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Fuchsine or rosaniline hydrochloride is a magenta dye with chemical formula C20H19N3·HCl. There are other similar chemical formulations of products sold as fuchsine, and several dozen other synonyms of this molecule.
It becomes magenta when dissolved in water; as a solid, it forms dark green crystals. As well as dying textiles, fuchsine is used to stain bacteria and sometimes as a disinfectant.
Additional recommended knowledge
Fuchsine, named by its original manufacturer Renard frères et Franc, is usually cited with one of two etymologies: from the color of the flowers of the plant genus Fuchsia, named in honor of botanist Leonhart Fuchs, or as the German translation Fuchs of the French name Renard, which means fox. An 1861 article in Répertoire de Pharmacie said that the name was chosen for both reasons.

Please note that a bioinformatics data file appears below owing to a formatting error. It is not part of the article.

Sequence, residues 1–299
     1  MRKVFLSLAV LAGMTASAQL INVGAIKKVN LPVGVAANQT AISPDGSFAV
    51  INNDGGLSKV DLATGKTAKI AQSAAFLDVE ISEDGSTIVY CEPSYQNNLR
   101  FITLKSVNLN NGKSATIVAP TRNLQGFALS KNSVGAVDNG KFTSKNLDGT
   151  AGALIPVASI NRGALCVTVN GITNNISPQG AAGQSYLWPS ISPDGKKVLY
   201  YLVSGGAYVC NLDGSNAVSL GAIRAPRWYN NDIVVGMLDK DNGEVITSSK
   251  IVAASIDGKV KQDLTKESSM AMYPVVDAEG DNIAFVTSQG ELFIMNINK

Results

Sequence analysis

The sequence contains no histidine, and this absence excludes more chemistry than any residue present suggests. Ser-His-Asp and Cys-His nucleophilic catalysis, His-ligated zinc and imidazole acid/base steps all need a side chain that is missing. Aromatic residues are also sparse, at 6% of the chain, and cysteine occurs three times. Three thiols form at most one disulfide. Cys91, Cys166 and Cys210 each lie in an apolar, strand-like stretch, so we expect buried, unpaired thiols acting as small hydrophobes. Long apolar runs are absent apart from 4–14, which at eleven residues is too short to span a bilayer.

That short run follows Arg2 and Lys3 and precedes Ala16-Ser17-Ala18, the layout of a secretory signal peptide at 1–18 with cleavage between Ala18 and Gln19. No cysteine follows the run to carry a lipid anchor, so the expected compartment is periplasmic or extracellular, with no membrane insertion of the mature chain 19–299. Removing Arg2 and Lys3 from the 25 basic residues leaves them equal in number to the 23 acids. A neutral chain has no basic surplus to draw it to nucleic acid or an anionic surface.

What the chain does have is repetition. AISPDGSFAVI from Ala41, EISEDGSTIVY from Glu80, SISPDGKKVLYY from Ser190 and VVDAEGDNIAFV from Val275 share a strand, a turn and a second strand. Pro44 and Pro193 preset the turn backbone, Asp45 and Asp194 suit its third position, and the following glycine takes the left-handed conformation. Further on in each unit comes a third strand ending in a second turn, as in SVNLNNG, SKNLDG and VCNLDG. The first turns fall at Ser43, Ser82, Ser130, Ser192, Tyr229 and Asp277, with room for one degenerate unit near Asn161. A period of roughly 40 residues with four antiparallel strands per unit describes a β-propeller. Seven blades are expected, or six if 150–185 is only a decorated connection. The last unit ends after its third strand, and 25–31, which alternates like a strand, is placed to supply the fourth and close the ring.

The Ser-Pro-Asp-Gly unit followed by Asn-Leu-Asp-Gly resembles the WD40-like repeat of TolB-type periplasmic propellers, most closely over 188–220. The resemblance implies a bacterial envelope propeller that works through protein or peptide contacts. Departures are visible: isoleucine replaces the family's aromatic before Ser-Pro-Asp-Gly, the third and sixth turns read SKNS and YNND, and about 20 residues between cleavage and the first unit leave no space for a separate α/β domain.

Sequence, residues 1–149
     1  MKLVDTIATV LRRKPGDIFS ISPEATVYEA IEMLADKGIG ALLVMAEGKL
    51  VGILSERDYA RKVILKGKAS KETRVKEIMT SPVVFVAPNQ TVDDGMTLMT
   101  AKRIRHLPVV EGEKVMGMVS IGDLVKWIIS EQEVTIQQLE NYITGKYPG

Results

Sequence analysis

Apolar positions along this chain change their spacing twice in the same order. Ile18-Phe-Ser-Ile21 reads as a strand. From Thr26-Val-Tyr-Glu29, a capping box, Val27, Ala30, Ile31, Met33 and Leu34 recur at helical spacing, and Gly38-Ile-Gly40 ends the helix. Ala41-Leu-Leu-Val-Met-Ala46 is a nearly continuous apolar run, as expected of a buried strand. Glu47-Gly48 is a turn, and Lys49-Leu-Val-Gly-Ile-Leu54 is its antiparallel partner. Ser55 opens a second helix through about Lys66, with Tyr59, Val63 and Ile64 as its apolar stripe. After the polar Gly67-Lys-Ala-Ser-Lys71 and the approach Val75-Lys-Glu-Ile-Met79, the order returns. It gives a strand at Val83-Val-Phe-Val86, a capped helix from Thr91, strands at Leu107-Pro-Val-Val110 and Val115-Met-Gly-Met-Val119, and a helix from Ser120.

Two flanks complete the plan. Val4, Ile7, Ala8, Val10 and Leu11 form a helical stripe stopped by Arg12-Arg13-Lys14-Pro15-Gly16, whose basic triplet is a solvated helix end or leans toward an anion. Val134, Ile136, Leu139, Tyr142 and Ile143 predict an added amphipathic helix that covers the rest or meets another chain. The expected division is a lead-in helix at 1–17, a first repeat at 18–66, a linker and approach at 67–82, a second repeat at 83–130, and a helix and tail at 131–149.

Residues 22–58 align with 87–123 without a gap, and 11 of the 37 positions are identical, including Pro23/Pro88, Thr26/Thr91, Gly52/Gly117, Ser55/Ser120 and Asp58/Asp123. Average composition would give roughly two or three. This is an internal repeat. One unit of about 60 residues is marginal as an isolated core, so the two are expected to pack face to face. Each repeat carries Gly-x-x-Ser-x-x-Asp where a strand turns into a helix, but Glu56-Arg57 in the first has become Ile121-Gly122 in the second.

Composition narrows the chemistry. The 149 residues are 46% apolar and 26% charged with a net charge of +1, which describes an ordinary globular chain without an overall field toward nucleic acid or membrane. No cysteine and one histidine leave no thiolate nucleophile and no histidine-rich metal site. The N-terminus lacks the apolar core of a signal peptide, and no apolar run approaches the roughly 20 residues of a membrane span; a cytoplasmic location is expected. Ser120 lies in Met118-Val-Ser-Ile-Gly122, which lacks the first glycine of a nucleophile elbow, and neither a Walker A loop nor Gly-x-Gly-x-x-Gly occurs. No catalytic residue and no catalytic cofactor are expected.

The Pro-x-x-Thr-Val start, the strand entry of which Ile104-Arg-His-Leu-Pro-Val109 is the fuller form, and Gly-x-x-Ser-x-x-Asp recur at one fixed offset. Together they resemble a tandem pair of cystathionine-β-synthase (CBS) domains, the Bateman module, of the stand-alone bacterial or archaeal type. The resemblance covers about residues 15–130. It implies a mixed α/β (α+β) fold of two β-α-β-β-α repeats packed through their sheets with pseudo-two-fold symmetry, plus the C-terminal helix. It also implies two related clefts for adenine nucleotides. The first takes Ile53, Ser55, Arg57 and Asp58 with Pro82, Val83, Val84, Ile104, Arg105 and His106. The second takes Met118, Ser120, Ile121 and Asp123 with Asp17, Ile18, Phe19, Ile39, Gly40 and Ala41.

Acid fuchsine is a mixture of homologues of basic fuchsin, modified by addition of sulfonic groups. While this yields twelve possible isomers, all of them are satisfactory despite slight differences in their properties.
Basic fuchsine is a mixture of rosanilin, pararosanilin, and Magenta II. Formulations usable for making of Schiff reagent must have high content of pararosanilin. The actual composition of basic fuchsine tends to somewhat vary by vendor and batch, making the batches differently suitable for different purposes.
In solution with phenol as an accentuator it is called carbol fuchsin and is used for the staining of the bacterium which cause tuberculosis.
Categories: Triarylmethane dyes | Staining dyes | Amines | Disinfectants
|This article is licensed under the GNU Free Documentation License. It uses material from the Wikipedia article "Fuchsine". A list of authors is available in Wikipedia.|